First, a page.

The intent meaning that there are no self made female millionaires, or they're not worthy of interviewing.
What a shame that fearless female entrapreneurs such as the women that created Spanx, Mary Kay, Weight Watchers, Mrs Fields Cookies, The Body Shop are all deemed so unworhty that "Looking for a millionaire to interview" is assumed that it should be a "he".
Well, what can we expect of this aurhor and USNews? They're already shown themselves to be poor journalists.
all I know is I've been out of work 1 year as a hha pca elder care worker and people from other countries took over my line of work I make good money online now to support myself its bad enough groceries are so expensive and fuel oil and gas alone if I didn't have my online business in advertising I'd be living in the streets...
life is a game not a battle !
The writer isnt going to GIVE you the secrets. He wants you to BUY his book to read,
then you will find out his secret was getting rich off of you reading secrets on the rich>> LOL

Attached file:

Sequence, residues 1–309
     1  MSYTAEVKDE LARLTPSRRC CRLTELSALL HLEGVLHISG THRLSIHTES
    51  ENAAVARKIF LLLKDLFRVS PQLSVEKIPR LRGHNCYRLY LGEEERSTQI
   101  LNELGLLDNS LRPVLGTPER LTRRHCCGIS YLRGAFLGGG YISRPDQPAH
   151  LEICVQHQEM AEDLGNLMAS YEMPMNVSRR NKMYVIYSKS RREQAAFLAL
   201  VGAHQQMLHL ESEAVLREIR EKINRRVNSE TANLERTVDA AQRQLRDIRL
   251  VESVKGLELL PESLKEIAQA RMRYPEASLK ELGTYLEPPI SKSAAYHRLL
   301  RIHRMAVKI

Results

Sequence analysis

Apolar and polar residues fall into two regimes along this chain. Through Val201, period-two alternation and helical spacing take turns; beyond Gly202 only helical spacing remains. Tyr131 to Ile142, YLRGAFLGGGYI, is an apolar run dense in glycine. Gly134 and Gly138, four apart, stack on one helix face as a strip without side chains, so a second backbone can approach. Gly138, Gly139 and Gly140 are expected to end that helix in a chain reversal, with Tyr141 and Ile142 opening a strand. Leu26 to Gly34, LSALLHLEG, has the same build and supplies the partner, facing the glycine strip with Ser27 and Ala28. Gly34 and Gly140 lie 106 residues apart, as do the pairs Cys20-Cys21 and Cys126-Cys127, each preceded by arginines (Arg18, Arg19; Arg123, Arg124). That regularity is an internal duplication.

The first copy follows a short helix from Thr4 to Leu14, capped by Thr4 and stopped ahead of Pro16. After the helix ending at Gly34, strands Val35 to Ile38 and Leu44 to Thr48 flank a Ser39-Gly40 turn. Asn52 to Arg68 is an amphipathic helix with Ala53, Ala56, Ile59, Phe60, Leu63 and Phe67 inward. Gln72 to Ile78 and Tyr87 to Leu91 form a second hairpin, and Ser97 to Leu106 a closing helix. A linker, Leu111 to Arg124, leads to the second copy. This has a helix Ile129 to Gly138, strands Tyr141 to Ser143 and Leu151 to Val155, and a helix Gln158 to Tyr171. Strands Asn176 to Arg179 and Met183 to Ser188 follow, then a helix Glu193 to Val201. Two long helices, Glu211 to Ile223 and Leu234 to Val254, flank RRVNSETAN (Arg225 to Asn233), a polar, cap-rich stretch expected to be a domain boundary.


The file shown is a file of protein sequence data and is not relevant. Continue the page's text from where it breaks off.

So I've been "brainwashed" if I believe "the love of money is the root of all evil"? You do know it's the Bible that says this and not just "some people" right? I don't think there's anything wrong with people wishing they had more money. We all want to be able to pay our bills, have some nice things, maybe a nice yearly vacation and then leave something for our kids. The problem, I think, is when a person places more value on "things" than they do on other people and relationships and spends their whole lives chasing after the almight dollar...only to find that, as Don Henley once wrote, "there ain't no hearses with luggage racks". George Carlin also said it right "Trying to find happiness in accumulating things is like trying to satisfy hunger by taping sandwiches to your body." As far as this guy's article, that's four minutes of my life I'll never get back.
The 7 secrets to becoming filthy rich are simple: All you need to learn to do is lie, cheat, steal, manipulate, deceive, backstab and pay a hit man on occasion and sometimes on a more regular basis. It all depends on your GREEDY ambitions in life. Oh and,..... don't forget to throw your moral compass out the window before you begin your journey towards "Greedsville".
There is an old saying..."When the river gets mad, big profits come for fishermen"
Rich people are simply opportunists taking advantage of current circumstances.
The only thing I would really keep an eye on is in the type of passion I grow to becoming wealthy because then I could do wrong things (envy, hate or even kill someone) in order to be another millionaire.